55-64 (edited)

God chooses and alone has the power to choose whom He will and for what purpose.

55. If one does not have even a superficial knowledge of the history of Rome (to say nothing of its Attic predecessor), one cannot know nor speak intelligibly about Western, or Church, history.

56. What use is it for a writer to repudiate that which he wrote in the naive years of his ignorance? I, for one, will do no such thing, principally because at some future date will I doubtless look back on what I am writing now, however “correct” it may be according to my current level of spiritual illumination and view it as ignorant and naive, even childish and stupid.

57. Perhaps life itself – even the Christian life – is, alas, futile, vain, naive, and stupid. But to hold such a devastating and debilitating appraisal of one’s life as one is living it is indeed the height of self-sabotaging pessimism and will only amount to a kind of nihilism that will prevent one from accomplishing anything in this life, be it good or bad.

58. And yet, time does grant one a certain degree of perspective not afforded by any other phenomenon in the whole of creation. I, therefore, believe there is merit in capturing what time is attempting to communicate at every step it is unfolding. So, while I will not outright repudiate what I have written, I can certainly comment on it and converse with it, as one would converse with anyone who has written anything for posterity, whether that writing is worthy of posterity’s conversation or not.

59. The history of creation and, most importantly to man, the history of the human race, is a testament not to man’s glory but God’s. Specifically, His patience toward us which is our salvation. {2 Peter 3:15}

60. God chooses and alone has the power to choose whom He will and for what purpose. Otherwise, He would not be God; He could not be God.

61. Indeed, modern man does not rightly appraise the sovereignty of God as absolute, universal, immutable, and timeless in our day principally due to the triumphs of man’s reason and the strides it has made in conquering much of the unknown in the material world. So successful have Reasonable Men been at eradicating disease and hunger and poverty and inequality, and in securing “basic human rights” as well as checking the power of despots and tyrants that in former times was the rule of the day, such that man can no longer fathom how a God – chosen not by vote nor the general will of the consensus – could have more rights, even ultimate rights, over the individual than the individual has over himself, “the individual” who has brought about all these miraculous social, economic, and political so-called reforms.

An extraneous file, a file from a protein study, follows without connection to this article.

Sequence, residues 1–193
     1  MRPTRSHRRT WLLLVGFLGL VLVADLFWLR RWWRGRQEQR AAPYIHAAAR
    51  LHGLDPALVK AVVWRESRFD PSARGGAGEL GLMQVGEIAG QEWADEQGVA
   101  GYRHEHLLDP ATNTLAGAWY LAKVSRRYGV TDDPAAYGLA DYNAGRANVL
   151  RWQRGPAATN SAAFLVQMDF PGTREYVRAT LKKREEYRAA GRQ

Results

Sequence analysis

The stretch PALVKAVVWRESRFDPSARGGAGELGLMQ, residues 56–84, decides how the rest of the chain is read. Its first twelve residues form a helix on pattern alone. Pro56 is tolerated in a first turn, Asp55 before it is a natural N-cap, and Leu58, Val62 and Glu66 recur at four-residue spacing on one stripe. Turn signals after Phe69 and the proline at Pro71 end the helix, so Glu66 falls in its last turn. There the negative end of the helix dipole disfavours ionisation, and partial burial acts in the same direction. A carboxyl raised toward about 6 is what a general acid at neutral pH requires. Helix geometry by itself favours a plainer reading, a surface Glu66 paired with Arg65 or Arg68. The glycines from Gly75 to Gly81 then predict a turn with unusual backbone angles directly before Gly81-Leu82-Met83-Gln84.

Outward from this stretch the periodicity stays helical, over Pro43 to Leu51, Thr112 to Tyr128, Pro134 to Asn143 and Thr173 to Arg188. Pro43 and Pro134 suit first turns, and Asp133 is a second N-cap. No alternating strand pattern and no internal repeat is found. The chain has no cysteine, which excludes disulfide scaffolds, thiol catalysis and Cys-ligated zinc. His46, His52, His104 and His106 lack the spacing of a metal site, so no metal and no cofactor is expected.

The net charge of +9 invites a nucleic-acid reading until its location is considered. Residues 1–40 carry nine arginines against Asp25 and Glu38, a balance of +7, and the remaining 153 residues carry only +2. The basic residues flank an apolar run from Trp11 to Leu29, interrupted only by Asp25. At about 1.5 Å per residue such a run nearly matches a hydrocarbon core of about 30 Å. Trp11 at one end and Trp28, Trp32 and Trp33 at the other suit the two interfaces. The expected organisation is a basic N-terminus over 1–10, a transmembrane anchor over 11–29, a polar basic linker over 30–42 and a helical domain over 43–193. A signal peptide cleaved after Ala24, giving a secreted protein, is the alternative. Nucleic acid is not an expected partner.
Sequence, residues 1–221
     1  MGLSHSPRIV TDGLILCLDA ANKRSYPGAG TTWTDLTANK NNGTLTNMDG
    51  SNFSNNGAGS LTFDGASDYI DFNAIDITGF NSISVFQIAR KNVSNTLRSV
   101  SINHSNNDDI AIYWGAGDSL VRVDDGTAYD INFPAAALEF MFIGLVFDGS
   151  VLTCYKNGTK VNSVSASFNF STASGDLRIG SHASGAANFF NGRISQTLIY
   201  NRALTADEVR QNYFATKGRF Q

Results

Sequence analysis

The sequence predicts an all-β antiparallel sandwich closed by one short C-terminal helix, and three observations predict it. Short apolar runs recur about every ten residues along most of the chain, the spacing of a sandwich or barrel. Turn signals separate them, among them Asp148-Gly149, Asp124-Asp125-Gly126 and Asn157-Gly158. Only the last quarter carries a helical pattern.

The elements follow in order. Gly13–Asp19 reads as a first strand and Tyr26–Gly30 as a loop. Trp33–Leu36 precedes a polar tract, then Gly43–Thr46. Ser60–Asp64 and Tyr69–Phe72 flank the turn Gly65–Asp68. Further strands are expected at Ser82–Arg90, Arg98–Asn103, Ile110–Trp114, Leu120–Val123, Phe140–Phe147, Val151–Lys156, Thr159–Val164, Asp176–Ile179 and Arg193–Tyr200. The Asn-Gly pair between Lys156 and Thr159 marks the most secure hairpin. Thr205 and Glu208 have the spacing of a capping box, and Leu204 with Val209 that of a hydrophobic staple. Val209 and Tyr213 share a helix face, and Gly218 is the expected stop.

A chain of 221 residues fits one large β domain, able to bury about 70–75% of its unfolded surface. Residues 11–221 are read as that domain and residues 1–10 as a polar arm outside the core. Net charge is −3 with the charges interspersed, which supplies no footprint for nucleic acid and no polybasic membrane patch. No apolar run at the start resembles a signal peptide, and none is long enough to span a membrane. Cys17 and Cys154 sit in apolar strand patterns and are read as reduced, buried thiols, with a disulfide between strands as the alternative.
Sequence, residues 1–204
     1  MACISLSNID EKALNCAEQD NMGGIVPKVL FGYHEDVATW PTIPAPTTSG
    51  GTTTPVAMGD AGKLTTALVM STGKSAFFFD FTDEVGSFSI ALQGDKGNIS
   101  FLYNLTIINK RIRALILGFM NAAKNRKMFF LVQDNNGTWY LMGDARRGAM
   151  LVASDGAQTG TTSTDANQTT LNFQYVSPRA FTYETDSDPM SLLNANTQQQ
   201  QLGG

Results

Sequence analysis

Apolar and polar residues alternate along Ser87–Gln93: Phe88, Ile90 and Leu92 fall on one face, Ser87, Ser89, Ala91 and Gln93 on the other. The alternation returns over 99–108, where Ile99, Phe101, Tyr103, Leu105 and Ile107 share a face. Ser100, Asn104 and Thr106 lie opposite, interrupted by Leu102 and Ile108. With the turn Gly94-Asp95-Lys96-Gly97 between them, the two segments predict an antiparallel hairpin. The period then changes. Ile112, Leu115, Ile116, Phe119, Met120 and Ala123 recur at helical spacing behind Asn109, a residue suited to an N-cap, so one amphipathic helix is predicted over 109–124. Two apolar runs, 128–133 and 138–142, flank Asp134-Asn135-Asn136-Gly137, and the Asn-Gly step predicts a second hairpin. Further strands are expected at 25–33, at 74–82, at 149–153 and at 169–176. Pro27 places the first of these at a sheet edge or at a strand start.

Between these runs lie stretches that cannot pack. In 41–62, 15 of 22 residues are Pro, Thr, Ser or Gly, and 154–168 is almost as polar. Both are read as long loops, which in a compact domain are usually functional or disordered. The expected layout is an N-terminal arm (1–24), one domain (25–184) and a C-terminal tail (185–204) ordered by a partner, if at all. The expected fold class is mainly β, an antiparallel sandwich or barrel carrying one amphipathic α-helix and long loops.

62. For this reason is the Gospel so seemingly out of step with the current conditions that predominate modern Western Civilization. For the Gospel claims that all are born into sin and cannot do anything but sin in all that they may think or do and have everywhere fallen short of the glory of God and, because of these things, are dead in their trespasses from birth and can only be raised to life, like Lazarus, {John 11} by a fully sovereign and omnipotent God who thinks little of overriding man’s “free will” so as to exercise His divine purpose not only in the individual’s life but the whole of created life.

63. It is precisely because we modern “freedom lovers” do not implicitly respect authority and have, in fact, never known true authority at any time in our lives that we cannot fathom God’s limitless authority over all things seen and unseen.

64. In much the same way that a willful, self-aware molecule in my own body would necessarily disrupt, undermine, and, like nuclear fission, split both my physical body and the whole of my reality in two with all the requisite violence that atomic fission in every case elicits would the effect be if a single human soul somehow became willful and began acting on his own for himself.